Other than introducing Tracy and Tess Trueheart, the book’s important contribution is introducing Junior, the homeless, seeming orphan who Tracy adopts, or perhaps it may be he adopts Tracy.  He becomes part of the action on several occasions and you can see why he’s often viewed as a precursor of teenage sidekicks like Robin, the Boy Wonder and Captain America’s sidekick Bucky Barnes.

The art in the book starts off looking a bit primitive but as Gould continues to draw, it becomes a lot more polished. The book is mostly in black and white with the exception of the earliest Sunday strips. These strips didn’t follow the daily strip plot, opting instead for a separate mystery or  sometimes just a one-off gag strip. They continued until May 1932.

The book also includes an interview with Gould by his successor on the Tracy comic strip, Max Allan Collins. 

Overall, while the book doesn’t capture Tracy at the peak, it does manage to capture Tracy’s beginnings and also help readers understand how Tracy became so popular in the first place with fun and exciting stories, detective work, and a broad-based appeal to multiple members of the family with character drama and a kid sidekick. Worth a read for both Tracy diehards and those who are curious about the beginnings of this iconic character.

Rating: 4.0 out of 5.0

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Book Review: Deathgame

In the Hardy Boys casefile Deathgame, the Hardy’s friend Biff Hooper is big into survival games and decides to go to an exciting survival camp. Biff tells Joe the truth, but tells his parents he’s visiting his cousin.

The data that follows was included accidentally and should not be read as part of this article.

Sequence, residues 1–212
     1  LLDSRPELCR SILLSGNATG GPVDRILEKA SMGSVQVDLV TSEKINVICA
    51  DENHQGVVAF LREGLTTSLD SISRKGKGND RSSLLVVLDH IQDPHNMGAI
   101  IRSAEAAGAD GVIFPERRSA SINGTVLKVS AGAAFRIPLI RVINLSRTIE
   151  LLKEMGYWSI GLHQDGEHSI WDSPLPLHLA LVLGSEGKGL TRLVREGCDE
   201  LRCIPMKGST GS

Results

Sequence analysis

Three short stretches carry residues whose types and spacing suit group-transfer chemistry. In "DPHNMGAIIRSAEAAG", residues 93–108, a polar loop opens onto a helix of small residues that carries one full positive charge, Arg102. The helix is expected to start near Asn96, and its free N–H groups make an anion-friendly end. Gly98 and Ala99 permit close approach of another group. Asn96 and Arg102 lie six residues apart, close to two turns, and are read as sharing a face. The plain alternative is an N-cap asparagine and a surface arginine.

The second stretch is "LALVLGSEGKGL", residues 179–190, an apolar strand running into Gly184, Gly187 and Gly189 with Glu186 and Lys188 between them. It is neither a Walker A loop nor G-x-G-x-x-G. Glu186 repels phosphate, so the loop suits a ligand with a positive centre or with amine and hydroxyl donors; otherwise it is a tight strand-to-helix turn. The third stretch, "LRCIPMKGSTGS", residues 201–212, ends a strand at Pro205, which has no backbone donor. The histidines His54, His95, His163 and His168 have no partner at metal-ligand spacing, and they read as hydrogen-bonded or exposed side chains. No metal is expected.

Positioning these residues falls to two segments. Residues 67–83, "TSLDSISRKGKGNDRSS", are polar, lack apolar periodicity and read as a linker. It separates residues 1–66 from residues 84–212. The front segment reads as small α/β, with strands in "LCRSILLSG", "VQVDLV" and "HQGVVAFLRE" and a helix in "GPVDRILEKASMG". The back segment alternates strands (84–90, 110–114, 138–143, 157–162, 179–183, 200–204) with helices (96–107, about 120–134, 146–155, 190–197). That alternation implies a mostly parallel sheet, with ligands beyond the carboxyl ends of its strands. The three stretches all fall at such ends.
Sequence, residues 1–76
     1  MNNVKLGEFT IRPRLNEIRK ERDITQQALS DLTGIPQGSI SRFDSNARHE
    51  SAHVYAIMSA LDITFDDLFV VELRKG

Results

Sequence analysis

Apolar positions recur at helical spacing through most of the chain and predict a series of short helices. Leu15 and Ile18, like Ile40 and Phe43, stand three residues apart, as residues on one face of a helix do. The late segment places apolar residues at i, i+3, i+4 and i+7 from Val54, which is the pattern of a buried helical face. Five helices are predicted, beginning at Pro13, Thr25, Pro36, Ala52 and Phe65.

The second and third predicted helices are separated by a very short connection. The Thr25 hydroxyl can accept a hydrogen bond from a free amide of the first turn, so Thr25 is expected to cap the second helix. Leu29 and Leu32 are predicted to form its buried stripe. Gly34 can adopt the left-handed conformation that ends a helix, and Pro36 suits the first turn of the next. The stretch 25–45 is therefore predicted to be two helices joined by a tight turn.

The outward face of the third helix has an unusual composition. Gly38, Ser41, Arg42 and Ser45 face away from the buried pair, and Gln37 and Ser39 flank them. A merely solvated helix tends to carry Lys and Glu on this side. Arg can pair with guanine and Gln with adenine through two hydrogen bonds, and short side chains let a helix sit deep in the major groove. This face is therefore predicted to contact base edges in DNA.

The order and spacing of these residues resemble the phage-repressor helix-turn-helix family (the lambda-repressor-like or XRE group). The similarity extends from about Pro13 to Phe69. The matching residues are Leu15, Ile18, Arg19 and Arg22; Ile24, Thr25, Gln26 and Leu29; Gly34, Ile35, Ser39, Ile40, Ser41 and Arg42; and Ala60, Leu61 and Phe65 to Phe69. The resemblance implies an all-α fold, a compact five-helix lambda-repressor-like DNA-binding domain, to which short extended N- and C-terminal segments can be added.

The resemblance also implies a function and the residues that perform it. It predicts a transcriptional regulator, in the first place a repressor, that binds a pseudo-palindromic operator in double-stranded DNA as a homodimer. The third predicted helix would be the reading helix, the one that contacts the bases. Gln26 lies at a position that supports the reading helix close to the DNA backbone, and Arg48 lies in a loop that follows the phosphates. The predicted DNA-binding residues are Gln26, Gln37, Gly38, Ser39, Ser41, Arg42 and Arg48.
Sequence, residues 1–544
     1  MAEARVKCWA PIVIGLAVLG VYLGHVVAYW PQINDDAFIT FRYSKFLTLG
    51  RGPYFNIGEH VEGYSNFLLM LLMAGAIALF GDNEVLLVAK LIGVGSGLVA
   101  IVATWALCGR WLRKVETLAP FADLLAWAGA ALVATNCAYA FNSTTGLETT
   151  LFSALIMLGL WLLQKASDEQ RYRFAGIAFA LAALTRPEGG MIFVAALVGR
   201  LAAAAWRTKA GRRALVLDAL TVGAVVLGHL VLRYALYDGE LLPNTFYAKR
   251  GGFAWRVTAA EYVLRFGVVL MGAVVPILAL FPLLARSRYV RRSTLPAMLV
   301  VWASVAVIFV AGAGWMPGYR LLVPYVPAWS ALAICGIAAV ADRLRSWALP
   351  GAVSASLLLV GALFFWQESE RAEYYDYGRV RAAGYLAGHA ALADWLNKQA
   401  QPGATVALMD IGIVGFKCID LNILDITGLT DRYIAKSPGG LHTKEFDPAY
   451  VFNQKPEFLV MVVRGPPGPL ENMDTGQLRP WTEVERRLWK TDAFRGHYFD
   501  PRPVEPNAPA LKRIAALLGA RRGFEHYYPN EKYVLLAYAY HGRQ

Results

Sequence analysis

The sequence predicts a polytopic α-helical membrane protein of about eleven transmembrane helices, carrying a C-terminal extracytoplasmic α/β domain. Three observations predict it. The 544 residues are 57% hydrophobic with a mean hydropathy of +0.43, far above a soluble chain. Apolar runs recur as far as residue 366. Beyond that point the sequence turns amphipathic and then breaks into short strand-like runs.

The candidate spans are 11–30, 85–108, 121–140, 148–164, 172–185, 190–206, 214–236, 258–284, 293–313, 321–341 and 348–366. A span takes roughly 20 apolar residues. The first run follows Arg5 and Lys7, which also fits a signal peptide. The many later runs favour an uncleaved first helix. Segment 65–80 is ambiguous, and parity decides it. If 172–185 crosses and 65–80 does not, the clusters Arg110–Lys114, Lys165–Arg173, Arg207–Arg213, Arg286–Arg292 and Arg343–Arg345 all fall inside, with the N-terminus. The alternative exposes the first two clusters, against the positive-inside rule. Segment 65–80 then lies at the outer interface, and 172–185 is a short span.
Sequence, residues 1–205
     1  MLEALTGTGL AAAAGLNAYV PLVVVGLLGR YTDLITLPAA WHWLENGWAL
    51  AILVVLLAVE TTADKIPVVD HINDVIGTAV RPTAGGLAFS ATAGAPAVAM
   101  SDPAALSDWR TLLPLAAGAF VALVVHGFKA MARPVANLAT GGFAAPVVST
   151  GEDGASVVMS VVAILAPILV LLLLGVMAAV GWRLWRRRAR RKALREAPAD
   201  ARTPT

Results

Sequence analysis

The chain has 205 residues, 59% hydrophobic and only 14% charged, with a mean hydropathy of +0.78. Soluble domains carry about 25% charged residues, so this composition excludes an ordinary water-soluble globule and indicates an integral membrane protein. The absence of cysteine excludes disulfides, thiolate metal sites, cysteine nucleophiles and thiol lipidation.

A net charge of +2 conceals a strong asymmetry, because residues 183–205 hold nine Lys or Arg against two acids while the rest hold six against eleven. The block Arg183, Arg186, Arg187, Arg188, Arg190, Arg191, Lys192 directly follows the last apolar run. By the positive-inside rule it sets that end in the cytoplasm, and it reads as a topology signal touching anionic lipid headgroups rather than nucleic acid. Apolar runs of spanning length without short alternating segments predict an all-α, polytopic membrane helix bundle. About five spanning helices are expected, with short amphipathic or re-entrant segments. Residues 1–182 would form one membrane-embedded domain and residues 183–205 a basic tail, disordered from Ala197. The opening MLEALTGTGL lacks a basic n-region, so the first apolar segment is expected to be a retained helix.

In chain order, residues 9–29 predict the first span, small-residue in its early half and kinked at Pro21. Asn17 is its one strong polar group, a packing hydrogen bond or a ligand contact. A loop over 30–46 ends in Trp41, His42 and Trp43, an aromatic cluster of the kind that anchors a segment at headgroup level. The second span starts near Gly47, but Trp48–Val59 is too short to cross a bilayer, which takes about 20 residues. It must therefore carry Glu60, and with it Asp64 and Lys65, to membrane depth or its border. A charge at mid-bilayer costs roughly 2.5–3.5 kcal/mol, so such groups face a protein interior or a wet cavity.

When Biff doesn’t return as scheduled, the Hardy Boys and his parents go to Florida to look for him, but the camp claims never to have seen him. Biff’s parents insist he must be there as he doesn’t lie (apparently forgetting about the whole cousin visit thing.) The Hardy Boys set out to find their lost friend and face off against dangerous foes.

We get to see a little of the Hardy’s sleuthing but this is most a set up for them and some other teens to get involved in a take on The Most Dangerous Game. It deals a bit more heavily in the adventure/suspense elements than the typical mystery elements.

For what is, the book is fine. It’s a light, breezy 152-page read that has great pacing, featuring short chapters that end on generally solid cliffhangers.

The book is not for everyone. Deathgame was released in 1987 and it shows as the villains and the plot feel very 1980s. The main villain (the aptly named Colonel Hammerlock) reminds me of Karate Kid villain Sensei John Krese. If the A-Team van had rolled in, it would not have been out of place.

In addition, there’s a certain conceit about the entire Case Files series that you have to acknowledge. The books were released as pocket paperbacks (as opposed to the 6″ x 9″ size of many kids books) and had action packed pictures on the front and occasionally dealt with topics like terrorism that made them seem more grown up. At their core though, they were still written for 10-year-olds.